Liberty County Jail is not an entity subject to suit under § 1983. See Lovelace v. DeKalb Cent Prob., 144 F.App'x 793, 795 (11th Cir. 2005) (county police department not a legal entity subject to suit); Dean v. Barber, 951 F.2d 1210, 1214 (11th Cir. 1992) (sheriff and police departments not usually considered legal entities subject to suit); Bembry v. St. Lawrence, 2007 WL 4256984 at * 2 (S.D. Ga. Nov. 30, 2007) ("Chatham County Jail [] is not an entity subject to suit under § 1983"). Bowens' claims against Liberty County Jail, therefore, should be DISMISSED.

         C. Official Capacity Claims

         Bowens' remaining claims, now against only defendants Hein and Boyd, do not state clearly whether those defendants are sued in their official or individual capacities. See doc. 1 at 5, 7-11. To the extent that Bowens intends to sue the remaining defendants in their official capacities, he cannot recover money damages. "A state is immune from a suit for damages in federal court by one of its own citizens, Hans v. Louisiana, 134 U.S. 1, 14-17 . . . (1890), and this sovereign immunity extends to an official when he acts as an 'arm of the State, ' Manders v. Lee, 338 F.3d 1304, 1308 (11th Cir. 2003) (en banc) . . . ." Lake v. Skelton, 840 F.3d 1334, 1337 (11th Cir. 2016). Under Georgia law, county sheriffs and their deputies are often acting as "arms of the State" when managing county jails.[3] See Manders, 338 F.3d at 1328 (sheriff acts an as arm of the State when establishing and implementing use-of-force policy at county jail); Lake, 840 F.3d at 1344 (finding deputy sheriff acting as an arm of the State when making determinations about meals provided to inmates at a county jail). Since Bowens challenges actions taken in furtherance of state functions, see supra n. 3, to the extent that he intended to sue defendants in their official capacities, his request that the Court "make [defendants] pay me Ten-thousand dollars for my pain and suffering, " doc. 1 at 6, should be DISMISSED.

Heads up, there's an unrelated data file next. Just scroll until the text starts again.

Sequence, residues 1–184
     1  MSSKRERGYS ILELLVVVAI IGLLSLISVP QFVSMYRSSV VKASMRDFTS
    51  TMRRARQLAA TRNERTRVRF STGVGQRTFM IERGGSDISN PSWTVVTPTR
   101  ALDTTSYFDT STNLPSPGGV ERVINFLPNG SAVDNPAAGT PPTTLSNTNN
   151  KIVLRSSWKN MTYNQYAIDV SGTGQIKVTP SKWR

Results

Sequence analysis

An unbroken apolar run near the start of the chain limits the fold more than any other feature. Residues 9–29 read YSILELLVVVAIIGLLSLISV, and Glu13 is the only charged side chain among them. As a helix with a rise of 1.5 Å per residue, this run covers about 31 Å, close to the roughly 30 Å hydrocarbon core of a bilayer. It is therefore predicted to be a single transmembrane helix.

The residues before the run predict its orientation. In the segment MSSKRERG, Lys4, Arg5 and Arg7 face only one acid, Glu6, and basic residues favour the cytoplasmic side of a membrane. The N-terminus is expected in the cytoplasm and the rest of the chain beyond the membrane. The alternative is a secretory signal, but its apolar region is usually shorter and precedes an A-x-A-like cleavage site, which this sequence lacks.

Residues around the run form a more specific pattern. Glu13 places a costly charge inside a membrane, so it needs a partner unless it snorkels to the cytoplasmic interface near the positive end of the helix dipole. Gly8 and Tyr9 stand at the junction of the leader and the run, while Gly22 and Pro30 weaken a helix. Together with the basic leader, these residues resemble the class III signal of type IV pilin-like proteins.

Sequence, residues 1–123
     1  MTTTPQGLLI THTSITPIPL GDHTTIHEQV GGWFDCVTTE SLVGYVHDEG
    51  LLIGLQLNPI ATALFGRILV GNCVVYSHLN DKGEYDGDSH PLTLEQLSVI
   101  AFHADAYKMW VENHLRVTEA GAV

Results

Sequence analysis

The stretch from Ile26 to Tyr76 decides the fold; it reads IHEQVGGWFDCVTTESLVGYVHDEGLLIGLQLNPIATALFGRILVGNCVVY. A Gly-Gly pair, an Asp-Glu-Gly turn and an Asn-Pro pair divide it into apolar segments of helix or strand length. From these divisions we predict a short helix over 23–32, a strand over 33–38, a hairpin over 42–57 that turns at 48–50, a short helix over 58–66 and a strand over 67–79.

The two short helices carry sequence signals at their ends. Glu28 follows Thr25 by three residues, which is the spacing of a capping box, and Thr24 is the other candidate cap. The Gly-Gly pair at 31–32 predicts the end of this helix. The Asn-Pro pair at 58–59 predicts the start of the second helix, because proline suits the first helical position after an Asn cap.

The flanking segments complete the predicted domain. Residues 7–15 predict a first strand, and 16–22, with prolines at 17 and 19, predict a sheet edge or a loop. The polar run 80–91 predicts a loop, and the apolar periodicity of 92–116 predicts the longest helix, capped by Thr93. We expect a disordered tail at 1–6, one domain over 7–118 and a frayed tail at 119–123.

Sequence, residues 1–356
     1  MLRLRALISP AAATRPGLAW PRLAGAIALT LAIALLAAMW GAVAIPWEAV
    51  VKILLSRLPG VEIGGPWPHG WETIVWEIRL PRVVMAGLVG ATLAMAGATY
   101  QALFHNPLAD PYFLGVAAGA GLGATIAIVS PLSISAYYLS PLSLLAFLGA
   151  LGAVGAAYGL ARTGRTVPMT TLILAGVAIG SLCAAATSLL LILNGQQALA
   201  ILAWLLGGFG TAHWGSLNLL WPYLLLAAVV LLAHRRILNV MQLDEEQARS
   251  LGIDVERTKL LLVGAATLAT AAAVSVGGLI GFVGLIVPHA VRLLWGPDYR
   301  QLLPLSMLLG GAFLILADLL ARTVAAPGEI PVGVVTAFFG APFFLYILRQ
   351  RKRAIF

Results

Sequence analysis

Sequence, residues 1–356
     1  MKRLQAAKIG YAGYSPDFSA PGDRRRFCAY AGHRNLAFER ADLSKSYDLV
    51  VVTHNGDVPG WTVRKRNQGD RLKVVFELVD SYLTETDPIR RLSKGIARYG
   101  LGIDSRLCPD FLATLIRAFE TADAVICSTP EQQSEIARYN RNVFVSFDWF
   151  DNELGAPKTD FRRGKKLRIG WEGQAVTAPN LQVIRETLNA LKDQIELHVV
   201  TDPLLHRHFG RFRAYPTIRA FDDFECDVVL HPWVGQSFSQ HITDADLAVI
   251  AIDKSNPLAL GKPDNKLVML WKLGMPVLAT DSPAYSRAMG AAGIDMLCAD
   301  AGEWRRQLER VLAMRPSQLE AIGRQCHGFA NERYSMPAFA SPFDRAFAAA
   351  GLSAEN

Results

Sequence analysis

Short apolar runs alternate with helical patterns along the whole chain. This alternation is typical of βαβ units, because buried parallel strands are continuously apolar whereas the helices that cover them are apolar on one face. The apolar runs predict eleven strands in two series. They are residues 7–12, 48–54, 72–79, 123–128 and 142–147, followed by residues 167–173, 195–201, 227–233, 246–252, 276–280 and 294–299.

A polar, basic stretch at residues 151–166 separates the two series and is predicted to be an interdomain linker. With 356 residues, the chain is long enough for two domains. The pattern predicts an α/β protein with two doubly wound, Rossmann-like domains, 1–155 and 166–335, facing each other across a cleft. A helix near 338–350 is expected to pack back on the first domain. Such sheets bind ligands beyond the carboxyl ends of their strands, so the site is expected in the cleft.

For the reasons explained in detail below, Bowens fails to state any claim upon which relief might be granted. Accordingly, his claim for compensatory damages for his "pain and suffering" fails, even if he intended to sue defendants individually.

         D. Exhaustion

         Dismissal of Bowens' remaining conditions-of-confinement claims on exhaustion grounds is not proper at this stage, even though it appears that he has not exhausted available administrative remedies. Exhaustion of administrative remedies is a pre-condition to suit under § 1983. Ross v. Blake, U.S., 136 S.Ct. 1850, 1856-7 (2016) ("the PLRA's text suggests no limits on an inmate's obligation to exhaust" administrative remedies, thus "a court may not excuse a failure to exhaust"). Generally, failure to exhaust is an affirmative defense, but "[a] complaint may be dismissed for failure to exhaust if the lack of exhaustion appears on [its] face." Dollar v. Coweta Cnty. Sheriff Office, 446 F.App'x 248, 251-2 (11th Cir. 2011) (citing Bingham v. Thomas,654 F.3d 1171, 1175 (11th Cir. 2011)). The exhaustion requirement, however, is limited to "available" remedies. Ross, 136 S.Ct. at 1858 ("An inmate . . . must exhaust available remedies, but need not exhaust unavailable ones."). So even where a Complaint facially shows that administrative remedies were not exhausted, dismissal is improper if it also alleges that further remedies were unavailable. See Dollar, 446 F.App'x at 252 (reversing ยง 1915A dismissal for failure to exhaust, ...